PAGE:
Thursday, January 24, 2013

Sack Hannah Tetteh

Some of us were very much relieved, indeed very much satisfied, when the Daily Graphic of Wednesday, May 6, 2009 reported that the Destination Inspection Companies (DICs) were to be probed.

And even more refreshing was the revelation that the National Security Secretariat itself would be in charge.

We were told that the probe, among other things, would aim at 'blocking every revenue leakage' (emphasis mine) as much as possible to ensure that Ghanaians do not suffer unduly from certain policies.

Concerns so far raised by CEPS officials and other stakeholders in the matter have been very genuine, patently valid, leaving some of us eternally confused by the sudden turn of events in the Import and Export horizon.

Why should the state invest so much in acquiring offices, gadgets and train personnel of CEPS to take over destination inspection duties only for the same state to turn round against its own policy? No, there has to be something more than meets the eye.

Even more intriguing and ominously grotesque was the fact that even before the agreement between the government and all DICs could expire in December 2008, a new company Ghana Customs Inspection Company had in June 2008 been formed with one of the operating DICs, the Ghana Link Network Services (GLNS). Interestingly, the new company is in the same building as the Ghana Link Network Services at East Legon, Accra.

An article written by Johnson Atakora under the above heading "destination inspection companies - the other side" which appeared in the Daily Graphic of May 20, 2009, was trying desperately to mislead the public, rather than exposing the intrigues and perfidy in the whole DIC matter. You see, some of us are opposed to the continued operation of the DICs for reasons more sensible than companies merely being local or foreign or fronts for foreign interest as alleged by the writer.

It is to do with the stark truth that the operations of the DICs are a huge financial loss to the state. It is tactically skewed to benefit only few selfish individuals who want to reap abundantly where they have even not sown. The other truth is that the same work can easily be and were being performed by CEPS Officials. Indeed, it was these same CEPS staff who were initially poached to resign or seconded to start the DICs without any fresh training. That's the irony and the perfidy.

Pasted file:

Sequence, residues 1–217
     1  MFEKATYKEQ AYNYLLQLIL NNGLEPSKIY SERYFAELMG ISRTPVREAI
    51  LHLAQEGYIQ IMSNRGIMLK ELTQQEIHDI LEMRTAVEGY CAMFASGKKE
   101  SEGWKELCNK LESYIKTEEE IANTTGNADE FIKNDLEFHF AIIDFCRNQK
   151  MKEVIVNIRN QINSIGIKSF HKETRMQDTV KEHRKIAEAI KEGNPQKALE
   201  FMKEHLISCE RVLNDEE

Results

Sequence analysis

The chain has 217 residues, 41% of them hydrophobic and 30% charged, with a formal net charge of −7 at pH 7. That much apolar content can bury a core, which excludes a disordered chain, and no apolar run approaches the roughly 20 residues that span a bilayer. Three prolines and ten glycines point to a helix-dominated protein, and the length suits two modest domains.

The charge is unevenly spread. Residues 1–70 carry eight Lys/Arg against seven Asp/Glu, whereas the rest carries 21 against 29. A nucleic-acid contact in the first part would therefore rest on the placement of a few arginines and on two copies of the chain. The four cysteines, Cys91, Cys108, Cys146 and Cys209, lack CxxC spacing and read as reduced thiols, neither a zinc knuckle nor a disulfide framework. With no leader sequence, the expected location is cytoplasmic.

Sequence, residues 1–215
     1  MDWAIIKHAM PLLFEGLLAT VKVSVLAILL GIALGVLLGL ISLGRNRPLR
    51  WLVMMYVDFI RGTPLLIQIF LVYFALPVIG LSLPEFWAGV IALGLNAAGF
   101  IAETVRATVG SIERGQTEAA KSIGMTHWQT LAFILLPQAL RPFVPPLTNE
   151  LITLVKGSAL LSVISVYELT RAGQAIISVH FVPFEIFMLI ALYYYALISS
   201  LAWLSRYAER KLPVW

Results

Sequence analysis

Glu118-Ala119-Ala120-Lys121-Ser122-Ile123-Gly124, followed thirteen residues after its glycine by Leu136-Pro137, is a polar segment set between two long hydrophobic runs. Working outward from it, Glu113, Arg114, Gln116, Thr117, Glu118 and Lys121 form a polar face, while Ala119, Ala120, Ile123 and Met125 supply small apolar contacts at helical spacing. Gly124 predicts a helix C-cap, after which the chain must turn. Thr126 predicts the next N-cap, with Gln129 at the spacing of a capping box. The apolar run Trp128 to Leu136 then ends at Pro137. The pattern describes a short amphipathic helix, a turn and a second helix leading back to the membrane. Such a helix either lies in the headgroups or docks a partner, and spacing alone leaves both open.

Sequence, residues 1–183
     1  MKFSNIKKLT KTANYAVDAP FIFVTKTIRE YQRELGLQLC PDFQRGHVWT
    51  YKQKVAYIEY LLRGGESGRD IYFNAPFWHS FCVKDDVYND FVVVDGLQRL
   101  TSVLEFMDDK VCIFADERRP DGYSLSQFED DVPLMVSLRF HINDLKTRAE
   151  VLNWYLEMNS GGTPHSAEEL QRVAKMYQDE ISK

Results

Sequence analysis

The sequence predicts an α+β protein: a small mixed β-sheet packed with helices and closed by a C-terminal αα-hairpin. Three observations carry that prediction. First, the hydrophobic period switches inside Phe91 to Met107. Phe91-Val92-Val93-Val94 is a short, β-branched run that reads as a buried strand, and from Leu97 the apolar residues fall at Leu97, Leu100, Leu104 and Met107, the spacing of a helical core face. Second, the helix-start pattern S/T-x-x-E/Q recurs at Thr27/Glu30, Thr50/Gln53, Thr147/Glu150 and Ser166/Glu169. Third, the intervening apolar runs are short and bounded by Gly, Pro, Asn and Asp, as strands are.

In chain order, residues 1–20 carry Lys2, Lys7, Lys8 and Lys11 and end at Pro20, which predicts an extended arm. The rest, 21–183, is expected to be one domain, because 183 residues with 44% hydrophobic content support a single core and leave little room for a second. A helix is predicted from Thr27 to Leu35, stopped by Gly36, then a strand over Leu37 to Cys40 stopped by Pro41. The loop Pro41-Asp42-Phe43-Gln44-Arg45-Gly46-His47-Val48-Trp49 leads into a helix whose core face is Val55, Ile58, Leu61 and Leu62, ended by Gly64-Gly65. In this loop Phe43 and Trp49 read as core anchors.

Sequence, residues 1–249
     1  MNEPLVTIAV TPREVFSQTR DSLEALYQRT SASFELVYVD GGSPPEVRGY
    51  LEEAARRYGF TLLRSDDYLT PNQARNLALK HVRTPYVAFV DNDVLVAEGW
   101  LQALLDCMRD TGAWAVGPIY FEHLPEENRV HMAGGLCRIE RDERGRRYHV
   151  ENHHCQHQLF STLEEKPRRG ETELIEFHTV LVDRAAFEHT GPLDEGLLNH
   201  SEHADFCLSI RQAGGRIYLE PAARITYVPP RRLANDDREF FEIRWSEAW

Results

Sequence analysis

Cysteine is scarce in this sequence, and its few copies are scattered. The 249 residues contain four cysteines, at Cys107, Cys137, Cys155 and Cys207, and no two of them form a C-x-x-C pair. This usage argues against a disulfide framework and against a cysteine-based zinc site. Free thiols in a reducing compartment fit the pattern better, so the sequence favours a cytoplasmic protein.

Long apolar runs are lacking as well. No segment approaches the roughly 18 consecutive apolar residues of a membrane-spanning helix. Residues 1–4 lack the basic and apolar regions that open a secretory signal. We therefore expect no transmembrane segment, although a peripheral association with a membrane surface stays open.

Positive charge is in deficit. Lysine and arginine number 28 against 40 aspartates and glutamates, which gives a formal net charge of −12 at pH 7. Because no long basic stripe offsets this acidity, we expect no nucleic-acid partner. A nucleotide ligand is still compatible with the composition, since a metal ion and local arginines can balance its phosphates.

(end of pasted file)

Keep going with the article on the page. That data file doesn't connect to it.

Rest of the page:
The writer admits that the Ghana Link Network Services (GLNS) is only "one of the destination Inspection Companies operating in the country". But he still sees nothing wrong or "fishy about the arrangement", when without any official public notification announcement, tender or compliance with the procurement Act, only GLNS was "approached" by the 'President Special Initiative Division (PSI) of the Ministry of Trade and Industry to the exclusion of the other three DICs also in the system. Do these omissions, arguably intentional, not legally render the so-called agreement a nullity?

He also argued, rather senselessly, that GLNS was chosen for two reasons. That it was well equipped for the job. That it was the "only fully indigenous" DIC operating in the country. Obviously, these reasons are not only preposterous and untenable but deeply subjective.

Who says that being a fully indigenous company is a sine qua non in competitive biddings? And he unconsciously disclosed that GLNS had to undertake "a lot of expansion work" in view of the added volume of work. Then how was GLNS well equipped for the job as he claimed? Very contradictory indeed. As if the other three DICs were incapable of doing even bigger expansion works if they were similarly "approached" By the PSI with this juicy offer.

The writer also states that GLNS had already brought in one of the five speed boats for CEPS as stipulated in the agreement. You see, this may be true but it is equally true that the agreement is too juicy. A whopping 60 per cent ownership of the new company? We cried foul over Vodafone acquisition of 70 per cent of Ghana Telecom. And, frighteningly, the sole DIC in the country?

What is the cost of the five boats? In any case, one would have expected that since GLNS bought the boats and, significantly have 60 per cent ownership of the new company, they should operate the boats themselves. Why should CEPS risk the lives of its staff on the high seas when it has only 25 per cent stake in the business? In this age of piracy? Besides, is CEPS going to compete with the Navy on the high seas?